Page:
I’ve always approached Primavera, the MCA’s annual showcase for artists aged 35 years or younger, less like a novel and more like a box of chocolates. In other words, rather that looking for a clear narrative I enjoy dipping into a mixed bag of treats. And this year’s iteration – curated by artist Mitch Cairns and featuring works by Mitchel Cumming, Rosina Gunjarrwanga, Lucina Lane, Aodhan Madden, Kenan Namunjdja, Zoe Marni Robertson, and Coen Young – offers a diverse range of artworks to whet the appetite.
For me, the highlights include Coen Young’s 2019 mirror painting series. While all artworks are in the broadest sense a self-portrait of sorts, the shiny surfaces of Young’s works on paper reflect the behaviour of contemporary society as well. As I sit on the gallery floor, scrawling in my notebook, I watch visitor after visitor become drawn in by these seductive rectangular pools of silver. And like Narcissus in the ancient Greek fable they are mesmerised by their own reflections. They gaze at themselves in the Sydney-based artist’s mirrored works and shoot selfie after selfie after selfie.
Resolutely analogue and painstakingly handcrafted, Young’s works can be seen as the antitheses of digital culture, yet, like Charlie Brooker’s critically acclaimed TV series Black Mirror, they also critique the mediated nature of our screen-based obsessions.
In Man Who Knows Themselves (?), 2016, Zoe Marni Robertson seems to put a feminist spin on Leonardo da Vinci’s well known c.1490 drawing Vitruvian Man and she asks us to question that old mind/body binary and its entrenched hierarchies.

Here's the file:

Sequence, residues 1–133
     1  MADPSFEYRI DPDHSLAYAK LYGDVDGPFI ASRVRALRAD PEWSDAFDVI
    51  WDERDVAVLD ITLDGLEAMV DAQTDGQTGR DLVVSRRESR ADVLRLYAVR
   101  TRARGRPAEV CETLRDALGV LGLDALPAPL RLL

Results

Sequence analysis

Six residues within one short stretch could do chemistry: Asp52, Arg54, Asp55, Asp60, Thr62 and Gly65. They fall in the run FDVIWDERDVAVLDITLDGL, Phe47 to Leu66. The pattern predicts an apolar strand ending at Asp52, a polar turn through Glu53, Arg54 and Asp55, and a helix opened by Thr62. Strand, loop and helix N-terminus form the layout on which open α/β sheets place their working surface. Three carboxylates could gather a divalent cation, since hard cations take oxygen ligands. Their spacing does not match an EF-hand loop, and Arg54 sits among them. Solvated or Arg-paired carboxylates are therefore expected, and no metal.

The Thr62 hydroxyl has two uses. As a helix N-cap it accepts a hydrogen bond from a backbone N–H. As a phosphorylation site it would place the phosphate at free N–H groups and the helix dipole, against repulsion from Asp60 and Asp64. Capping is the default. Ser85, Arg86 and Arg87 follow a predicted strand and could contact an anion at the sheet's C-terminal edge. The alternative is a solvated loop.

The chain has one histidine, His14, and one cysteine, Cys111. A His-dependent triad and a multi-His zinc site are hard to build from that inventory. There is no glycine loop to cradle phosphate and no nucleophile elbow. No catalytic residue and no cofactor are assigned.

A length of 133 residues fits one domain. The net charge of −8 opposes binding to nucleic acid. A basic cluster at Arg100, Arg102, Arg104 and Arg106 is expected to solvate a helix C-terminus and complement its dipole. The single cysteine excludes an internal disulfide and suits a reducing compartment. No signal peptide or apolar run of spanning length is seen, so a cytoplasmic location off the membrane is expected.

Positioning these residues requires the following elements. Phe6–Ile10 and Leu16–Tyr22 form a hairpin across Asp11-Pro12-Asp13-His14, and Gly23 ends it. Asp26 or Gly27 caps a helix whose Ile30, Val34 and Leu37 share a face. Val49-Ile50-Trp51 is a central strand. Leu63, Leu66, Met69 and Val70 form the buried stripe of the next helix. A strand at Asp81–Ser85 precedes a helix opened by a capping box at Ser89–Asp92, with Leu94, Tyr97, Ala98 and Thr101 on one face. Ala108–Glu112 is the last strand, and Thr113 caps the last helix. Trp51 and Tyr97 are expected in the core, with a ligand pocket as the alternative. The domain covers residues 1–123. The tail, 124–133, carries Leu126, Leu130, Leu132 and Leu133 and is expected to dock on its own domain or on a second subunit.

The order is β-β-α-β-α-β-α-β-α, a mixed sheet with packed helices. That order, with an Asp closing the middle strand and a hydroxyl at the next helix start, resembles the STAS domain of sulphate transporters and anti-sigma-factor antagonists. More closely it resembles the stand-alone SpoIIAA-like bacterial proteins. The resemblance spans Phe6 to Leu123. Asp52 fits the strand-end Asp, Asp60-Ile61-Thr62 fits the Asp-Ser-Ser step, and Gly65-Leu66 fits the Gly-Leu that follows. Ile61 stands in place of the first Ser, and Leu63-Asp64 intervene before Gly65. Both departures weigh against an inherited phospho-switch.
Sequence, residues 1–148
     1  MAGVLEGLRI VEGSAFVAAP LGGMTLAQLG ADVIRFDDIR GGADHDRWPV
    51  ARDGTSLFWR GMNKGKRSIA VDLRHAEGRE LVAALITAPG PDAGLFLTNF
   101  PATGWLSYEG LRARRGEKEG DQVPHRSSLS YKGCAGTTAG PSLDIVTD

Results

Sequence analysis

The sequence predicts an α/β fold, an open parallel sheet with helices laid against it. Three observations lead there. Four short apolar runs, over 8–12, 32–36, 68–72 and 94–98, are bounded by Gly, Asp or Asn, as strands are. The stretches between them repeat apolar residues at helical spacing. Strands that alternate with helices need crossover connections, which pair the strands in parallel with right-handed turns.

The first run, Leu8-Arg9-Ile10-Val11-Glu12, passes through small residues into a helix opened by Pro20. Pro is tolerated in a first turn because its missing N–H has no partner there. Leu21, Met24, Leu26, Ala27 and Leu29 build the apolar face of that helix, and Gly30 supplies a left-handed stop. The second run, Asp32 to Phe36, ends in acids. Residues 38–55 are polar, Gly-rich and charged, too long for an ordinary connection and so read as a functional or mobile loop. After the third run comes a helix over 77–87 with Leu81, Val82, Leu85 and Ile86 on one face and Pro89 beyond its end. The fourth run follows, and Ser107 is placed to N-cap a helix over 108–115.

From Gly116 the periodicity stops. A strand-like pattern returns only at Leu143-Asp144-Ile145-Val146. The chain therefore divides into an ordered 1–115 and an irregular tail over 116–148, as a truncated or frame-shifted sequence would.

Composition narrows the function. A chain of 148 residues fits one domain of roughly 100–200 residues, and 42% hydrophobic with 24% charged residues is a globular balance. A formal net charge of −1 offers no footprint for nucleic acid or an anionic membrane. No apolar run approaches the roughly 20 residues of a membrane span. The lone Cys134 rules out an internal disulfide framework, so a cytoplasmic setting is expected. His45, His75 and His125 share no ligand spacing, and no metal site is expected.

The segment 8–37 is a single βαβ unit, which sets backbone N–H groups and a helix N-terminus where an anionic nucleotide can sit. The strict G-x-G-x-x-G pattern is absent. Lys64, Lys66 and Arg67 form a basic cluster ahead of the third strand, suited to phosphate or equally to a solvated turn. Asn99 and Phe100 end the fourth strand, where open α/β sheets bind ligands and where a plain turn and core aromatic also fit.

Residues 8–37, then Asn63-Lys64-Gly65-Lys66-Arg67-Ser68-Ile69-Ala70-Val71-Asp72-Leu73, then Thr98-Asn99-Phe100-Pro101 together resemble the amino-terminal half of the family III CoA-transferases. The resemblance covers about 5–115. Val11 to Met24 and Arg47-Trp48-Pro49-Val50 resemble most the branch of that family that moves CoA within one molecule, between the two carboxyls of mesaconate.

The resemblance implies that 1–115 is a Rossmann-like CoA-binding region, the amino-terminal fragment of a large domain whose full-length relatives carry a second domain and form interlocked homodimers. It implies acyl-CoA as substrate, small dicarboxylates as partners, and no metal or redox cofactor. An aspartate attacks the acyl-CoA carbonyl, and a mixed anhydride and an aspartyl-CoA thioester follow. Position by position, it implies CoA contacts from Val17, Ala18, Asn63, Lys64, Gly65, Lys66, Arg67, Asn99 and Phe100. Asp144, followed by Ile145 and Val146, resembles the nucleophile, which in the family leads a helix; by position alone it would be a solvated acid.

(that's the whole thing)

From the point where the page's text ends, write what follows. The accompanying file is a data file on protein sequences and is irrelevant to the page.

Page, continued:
While the figures drawn by the Sydney-based artist are still male (judging by their exposed and often erect penises), da Vinci’s solitary heroic figure has been transformed into 7 headless bodies who together form a kind of daisy pattern on an equally floral table cloth. And in addition to the standard classification “Homo Sapien (man who thinks),” the artist offers 6 other more deeply embodied categories including: “Homo Economieus (man who manages the home” and “Homo Nullificare (Despicable Man – man who makes nothing);” a reminder perhaps that, statistically, the bulk of domestic work in the home is still done by women.
Lucina Lane’s sculptural work Host, 2019, is a neat manifestation of the fact that artworks can conceal as much as they reveal, and sometimes they demand a leap of faith. In Host, the Melbourne-based artist presents several large plywood shipping crates. These crates, we are assured, contain her artworks. But do they really? With no real evidence to go on we can choose to believe that Lane’s artworks are actually inside or not. Either way this works raises interesting questions.
American artist Richard Artschwager made a number of sculptures out of artwork shipping crates in the 1990s, but Lane’s work brings to my mind the iconoclastic 1961 sculptures by Piero Manzoni in which the Italian artist purported to present 90 tins of his own excrement. Would this famous artwork be more or less subversive if the labels failed to accurately describe their contents? In this piece, as in Lane’s, what matters is the act of faith or the feeling of doubt that the artwork elicits, and the chains of associations that take place as a result in our own minds. Like all good artworks, and all of the works in Primavera 2019, these pieces invite us to interpret them ourselves.